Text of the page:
“Never waste a good crisis”.
Attributed to Winston Churchill during World War II, I heard this phrase recently whilst working with The Royal Challengers Bangalore in the Indian Premier League. The 5th biggest league in the world, with revenues north of $70m per team, and your team has yet to win a single match – crisis time indeed – Mr Churchill where are you? Can you help?
In his book, Black Box Thinking, Mathew Syed talks about how people learn from failure – and how equally, they don’t. He cites the difference between the learning-heavy aviation industry vs the learning-light medical industry. He offers that failure should not only be embraced - but a rigorous process employed for using it as a boost for future success.
An issue today is that we are impatient for results – we live in the world of instant gratification. If you take sport, and the fact that it elicits huge emotion and is coupled with ego like bacon to egg, you have a potentially hopeless mix if you are wanting to learn from failure. The irony is that in sport, both players and teams, fail a lot. Even at the very top of his game, the average cricketer will only succeed 30% of the time. Who’d want to be involved in sport?!
Without revealing any inner conversations that took place in Bangalore, I can offer my humble view on what’s required if teams and organisations are truly not to ‘waste a good crisis’.
Acknowledge the truth
In his book Good to Great, Jim Collins recalls that in the Vietnam War, Admiral Jim Stockdale kept captive for 7 years, suggested that only the realists (those that embraced the reality of the situation they were in) would survive. A healthy dose of hope is always important when under pressure for results, but not at the risk of not owning up to the fact that something you are doing is not working, or some deep introspection.
Toss the silver bullet
In a complex system, we are always quick to try and simplify what leads to success and failure (just as may run the risk of doing here ). Whilst this helps people understand and transfer learning, it can also be a set back in using a crisis to grow. There is never one thing, one silver bullet that leads to success or failure, but a combination – often a complex combination. Problems can include misalignment, unhealthy relationships and disconnections – one needs to search for these.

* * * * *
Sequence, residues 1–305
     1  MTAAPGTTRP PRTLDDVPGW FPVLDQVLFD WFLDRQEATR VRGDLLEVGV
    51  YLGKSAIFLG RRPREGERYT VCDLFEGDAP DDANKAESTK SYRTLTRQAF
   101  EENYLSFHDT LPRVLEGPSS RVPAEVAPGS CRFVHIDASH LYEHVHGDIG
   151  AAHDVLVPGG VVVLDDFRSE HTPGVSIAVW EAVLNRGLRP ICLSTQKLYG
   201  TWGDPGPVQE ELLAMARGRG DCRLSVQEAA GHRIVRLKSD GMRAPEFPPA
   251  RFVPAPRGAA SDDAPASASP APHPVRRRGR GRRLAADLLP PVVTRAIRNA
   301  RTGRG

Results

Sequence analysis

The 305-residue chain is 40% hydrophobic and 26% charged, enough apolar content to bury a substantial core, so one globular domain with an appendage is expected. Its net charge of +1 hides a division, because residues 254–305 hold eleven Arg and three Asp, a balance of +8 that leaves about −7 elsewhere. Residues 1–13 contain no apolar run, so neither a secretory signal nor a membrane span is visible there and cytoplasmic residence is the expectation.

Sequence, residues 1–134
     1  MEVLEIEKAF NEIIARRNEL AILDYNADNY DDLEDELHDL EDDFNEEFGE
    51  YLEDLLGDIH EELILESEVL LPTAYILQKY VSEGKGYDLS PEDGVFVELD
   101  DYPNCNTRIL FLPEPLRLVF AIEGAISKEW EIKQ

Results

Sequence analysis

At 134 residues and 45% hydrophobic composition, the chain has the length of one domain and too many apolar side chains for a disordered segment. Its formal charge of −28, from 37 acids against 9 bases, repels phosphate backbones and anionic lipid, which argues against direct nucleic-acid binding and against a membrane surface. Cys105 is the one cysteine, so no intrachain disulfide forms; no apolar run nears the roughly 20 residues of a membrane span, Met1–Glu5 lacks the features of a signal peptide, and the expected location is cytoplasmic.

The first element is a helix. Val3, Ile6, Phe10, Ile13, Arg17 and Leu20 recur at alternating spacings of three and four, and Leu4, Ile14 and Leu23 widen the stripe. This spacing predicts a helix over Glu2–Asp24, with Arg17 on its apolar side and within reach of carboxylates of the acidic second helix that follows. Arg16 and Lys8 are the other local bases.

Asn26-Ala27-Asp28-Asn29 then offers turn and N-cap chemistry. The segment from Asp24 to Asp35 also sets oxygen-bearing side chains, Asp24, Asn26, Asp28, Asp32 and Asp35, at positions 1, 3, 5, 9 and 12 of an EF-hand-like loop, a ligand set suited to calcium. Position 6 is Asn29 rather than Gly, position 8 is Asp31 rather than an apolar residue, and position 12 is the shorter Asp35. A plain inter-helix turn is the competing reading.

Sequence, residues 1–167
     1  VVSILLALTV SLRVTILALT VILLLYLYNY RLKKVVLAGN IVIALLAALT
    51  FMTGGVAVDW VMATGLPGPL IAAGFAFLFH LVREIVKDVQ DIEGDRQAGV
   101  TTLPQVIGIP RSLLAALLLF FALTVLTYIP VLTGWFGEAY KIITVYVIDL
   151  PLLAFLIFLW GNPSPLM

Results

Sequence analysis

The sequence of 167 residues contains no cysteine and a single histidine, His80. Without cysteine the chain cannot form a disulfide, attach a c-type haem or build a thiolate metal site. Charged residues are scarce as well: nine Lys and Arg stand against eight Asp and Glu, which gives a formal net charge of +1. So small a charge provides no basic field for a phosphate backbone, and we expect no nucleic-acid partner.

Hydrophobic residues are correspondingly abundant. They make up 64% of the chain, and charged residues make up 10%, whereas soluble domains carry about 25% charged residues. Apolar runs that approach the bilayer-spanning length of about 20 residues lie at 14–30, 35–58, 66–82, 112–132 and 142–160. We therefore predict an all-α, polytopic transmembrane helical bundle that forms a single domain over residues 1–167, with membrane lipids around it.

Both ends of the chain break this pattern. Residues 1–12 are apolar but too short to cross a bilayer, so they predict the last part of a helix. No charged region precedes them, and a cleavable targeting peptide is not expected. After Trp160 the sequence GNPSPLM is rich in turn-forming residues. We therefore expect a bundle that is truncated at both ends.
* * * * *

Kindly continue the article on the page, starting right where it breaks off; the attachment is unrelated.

The domino effect
In trying to ‘fix’ things during crisis we can run the risk of aiming too high. Remember there is a reason things are not working. It may be lack of confidence, but there can often be too much attention paid to confidence – it is not something you can just create. Rather identify one small thing that will increase confidence incrementally. Let this act as the start of a building of momentum –like pushing over stacked dominos. If one thing works, the rest will follow at speed.
Prepare to wrestle
Tough discussions, challenges and uncomfortable feelings are likely to rear their heads. There’s not always a Hollywood comeback story on the horizon. As a leader of a struggling team, it’s important to retain your own principles and assuredness. Also to be prepared to set aside your ego and admit you are struggling for ideas or may have made mistakes. Withdrawal or disengagement from the emotion or task is the biggest enemy of not wasting a crisis. Be vulnerable and curious whilst still remaining hopeful and assured – a tricky, but vital balance. Gems can come out of uncertainty.
Ask for help
Help comes in strange guises - often from someone who just asks a different question, or enables a new type of conversation between people.
Crises are terrible, no one likes or wants them. I personally don’t believe in loving failure ( that’s a step too far in my mind), but I do think it needs to be embraced in order to be helpful.
Ps: Churchill is also quoted as having said: “When I was younger I made it a rule never to take strong drink before lunch. It is now my rule never to do so before breakfast.” So if all else fails, you could just pour yourself a stiff one!